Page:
While New Jersey may be one of the richest states in the country, it is also home to a lot of children living in low-income families. A new Brookings Institution study indicates the fastest growing population of poor people can be found in the suburbs. NJ Today Managing Editor Mike Schneider spoke with the coauthor of the study, Elizabeth Kneebone, a Brookings Institution fellow.
Between 2000 and 2011, Kneebone says the rate of the suburban poor grew by 64 percent across the country.
“That’s more than twice the rate that we’ve seen in large cities across the country,” she pointed out. Part of the cause, she says, has been not just one, but two economic downturns that have led to typical household incomes falling and longer term residents slipping below the poverty line.
The common perception of poverty hasn’t caught up with the reality, according to Kneebone, That, she says, has led to a dearth of services for the suburban poor.
“A lot of suburban communities haven’t built up the same sorts of network and infrastructure and safety nets that urban areas have been amassing over decades,” explained Kneebone. “So many of these communities have been caught by the rapid rise in recent years and are still struggling to catch up and respond to the reality on the ground.”
In the New York-Northern New Jersey metropolitan area, Kneebone says statistics show that poverty in the primary cities has held steady over the past decade whereas poverty growth was found primarily in the suburbs.
“If you look within these suburban communities, many New Jersey communities were hit quite hard with rapidly growing poor populations over the decade and rising poverty rates.”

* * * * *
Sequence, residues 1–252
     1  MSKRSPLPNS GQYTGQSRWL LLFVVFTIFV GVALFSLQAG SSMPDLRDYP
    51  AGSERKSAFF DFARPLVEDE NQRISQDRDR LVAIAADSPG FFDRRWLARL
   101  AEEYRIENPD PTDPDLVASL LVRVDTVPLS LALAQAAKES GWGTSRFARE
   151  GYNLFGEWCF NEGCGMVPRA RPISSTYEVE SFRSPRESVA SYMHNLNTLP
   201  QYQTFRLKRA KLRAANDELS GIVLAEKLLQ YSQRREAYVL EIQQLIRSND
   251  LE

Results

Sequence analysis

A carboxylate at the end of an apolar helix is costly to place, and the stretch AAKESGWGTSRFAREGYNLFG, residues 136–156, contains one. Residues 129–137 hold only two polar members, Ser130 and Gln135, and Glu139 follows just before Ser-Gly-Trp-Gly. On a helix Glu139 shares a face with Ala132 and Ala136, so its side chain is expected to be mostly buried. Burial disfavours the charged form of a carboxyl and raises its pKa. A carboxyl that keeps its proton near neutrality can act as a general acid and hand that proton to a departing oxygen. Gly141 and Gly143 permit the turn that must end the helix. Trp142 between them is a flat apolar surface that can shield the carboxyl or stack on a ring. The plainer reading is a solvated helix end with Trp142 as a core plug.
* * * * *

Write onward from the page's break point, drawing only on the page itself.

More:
The rising rate of suburban poverty is not a sudden phenomenon, but a trend that can be traced as far back as the 1980s, says Kneebone.
“This is a trend that’s really been unfolding over time and picking up pace with each decade,” Kneebone said. “I think what we saw in the 2000s with the Great Recession and the effect it had on record poverty levels overall was a magnitude of increases in poor populations that we hadn’t seen in previous decades. But in terms of the shift with poverty now being a challenge that suburban communities increasingly struggle with, that’s something we’re likely to see moving forward because it’s somethings that’s been playing out over a longer trajectory.”
Kneebone also notes that improved unemployment figures aren’t good indicators of poverty rates.
“With the impact of the recession, we tend to see poverty trends lag behind changes in unemployment,” she said. “So even as the economy begins to recover it’ll take some time for that to really trickle through and show an impact on these numbers.”